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The terroirs of Santorini, where microclimates vary from one area to the other, can provide unique and exceptional "interpretations" of the Assyrtiko variety and other local varieties of grapes and thus wines with a high level of quality with worldwide recognition. The transition from the traditional way of winemaking into a more serious process, respecting nature and its product, allowed us to have particularly interesting, and often exciting,  Santorini wines for years, slowly making the Appellation of Origin Santorini, and mainly Assyrtiko, the only Greek winemaking area and the unique Greek wines - benchmarks for Greece.
It's incredible how old the history of the vineyard of Santorini is. It is literally lost in the mists of prehistory, since the excavations in the prehistoric and preserved site at Akrotiri have shown that vines were cultivated there since at least the 17th century BC. But this prehistoric vineyard was not going to live long, as the huge eruption in the 16th century BC destroyed everything. The cultivation was resumed in Santorini by the Phoenicians, who first settled in Santorini after the disaster. But to be perfectly accurate, we can only talk about real and systematic viticulture after 1200 BC.

Since 1840 a French priest-traveller did mention: "the hilly slopes of the island, full of vines." Really, except for its age the vineyard of Santorini is also one of the most unique phenomena in the world, like many others in the magical island of Cyclades which is loaded with energy. In both arid and dry soil the vine (along with fava beans, cherry tomatoes and some other crops) can exist because it can withstand the drought but also because the roots of very old vines not only penetrate the volcanic soils but spread their roots deep inside the earth.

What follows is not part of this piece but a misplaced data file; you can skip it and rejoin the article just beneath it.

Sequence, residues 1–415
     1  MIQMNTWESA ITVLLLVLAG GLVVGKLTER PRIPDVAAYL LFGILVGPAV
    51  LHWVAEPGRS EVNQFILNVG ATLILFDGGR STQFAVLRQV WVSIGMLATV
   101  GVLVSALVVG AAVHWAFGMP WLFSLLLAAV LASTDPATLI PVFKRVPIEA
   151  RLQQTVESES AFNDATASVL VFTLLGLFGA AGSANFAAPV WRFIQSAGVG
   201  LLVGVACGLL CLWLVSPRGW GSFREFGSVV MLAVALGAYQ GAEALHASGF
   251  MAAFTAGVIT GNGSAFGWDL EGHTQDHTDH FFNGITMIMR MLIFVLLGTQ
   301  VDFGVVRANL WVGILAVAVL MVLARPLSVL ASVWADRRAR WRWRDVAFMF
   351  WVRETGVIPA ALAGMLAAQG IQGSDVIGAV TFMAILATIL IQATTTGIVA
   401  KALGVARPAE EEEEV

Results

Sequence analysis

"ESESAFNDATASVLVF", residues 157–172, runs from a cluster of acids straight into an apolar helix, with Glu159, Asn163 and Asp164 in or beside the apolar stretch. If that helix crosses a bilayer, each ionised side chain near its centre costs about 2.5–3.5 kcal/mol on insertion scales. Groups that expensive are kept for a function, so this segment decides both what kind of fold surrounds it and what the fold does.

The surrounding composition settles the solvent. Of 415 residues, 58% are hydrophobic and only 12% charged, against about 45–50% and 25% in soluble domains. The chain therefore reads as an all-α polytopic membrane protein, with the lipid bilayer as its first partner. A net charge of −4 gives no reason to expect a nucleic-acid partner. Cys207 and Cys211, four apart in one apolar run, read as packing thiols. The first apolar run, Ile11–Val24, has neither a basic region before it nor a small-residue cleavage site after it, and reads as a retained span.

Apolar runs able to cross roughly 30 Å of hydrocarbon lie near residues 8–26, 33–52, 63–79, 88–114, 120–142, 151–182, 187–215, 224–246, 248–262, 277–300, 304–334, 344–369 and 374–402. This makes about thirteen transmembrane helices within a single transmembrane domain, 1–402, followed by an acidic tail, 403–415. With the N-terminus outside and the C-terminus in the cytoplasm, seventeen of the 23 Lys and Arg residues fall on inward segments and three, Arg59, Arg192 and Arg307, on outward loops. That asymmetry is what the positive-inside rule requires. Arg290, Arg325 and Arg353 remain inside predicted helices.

Vine cultivation and wine production is linked to the history of Santorini, its culture and its economy. It is lost as deep in time as deep in the ground the roots of the vine are found. There was in fact a time that the production of wine was so great that a very large part of it was exported abroad. It was however-at least in modern terms- the prehistory of Therian wine, because the methods and winemaking techniques, along with the opinions about wine, seem outdated, inadequate, and without particularly great ambitions or references to the great wines of the world. 
The basket-like way of pruning and "winding" the vines which is called "kouloura" is due to the harsh weather conditions that have always existed on the island, the dry and inhospitable volcanic soil and mainly the very strong wind. Thus the "kouloures"-vineyards of Santorini were invented whose cultivation is just as difficult and painful as the vines in the vertical slopes of the valley of the river Moselle in Germany. But what wonderful wines do they both produce! And how a properly aged Assyrtiko from Santorini resembles an aged German Riesling with its crystal clarity and electric-sharp acidity.

Τhe vineyard of Santorini, that has avoided the devastating phylloxera due to the synergy of all the parameters, is one of the oldest vineyards of Europe. Fortunately, nature has blessed it and although the volcanic soils of the island with the strong winds create very inhospitable conditions and a completely dry environment, ... almost miraculously, the soil retain underground the water from the limited rainfall. And in the summer, the precious water resurfaces and cools the vines with the drops from the fog clouds which, like a veil of cotton, so often cover the island. In August, the strong winds that sweep the island from one end to the other remove the moisture from the grapes, thus avoiding the rot and the challenge of vine diseases.

Αpproximately 7000 acres of Assyrtiko are cultivated and vinified, followed by the Aidani and other, red and white, grape varieties, including the excellent Mavrotragano. The arid-dry soil, suitable for viticulture of wine grape varieties, is of volcanic origin and sandy composition, so they present the properties and features mentioned. The very low levels of potassium in the soil of Santorini, along with its very low fertility, appears to be behind the characteristic acidity of Assyrtiko wines -which not only electrify the senses, but offers great gusto and interest to the wine, giving the possibility of very long aging.

The yields in the vineyards of Santorini are incredibly low and do not exceed 300-350 kg per acre, creating one more condition for producing fine wine. The harvest in Santorini, as in other regions of Greece, starts early - around the first 10 days of August. This was the context in which the rebirth of the Santorini vineyard occurred as well as the appearance of exquisite wines which have become known throughout the world.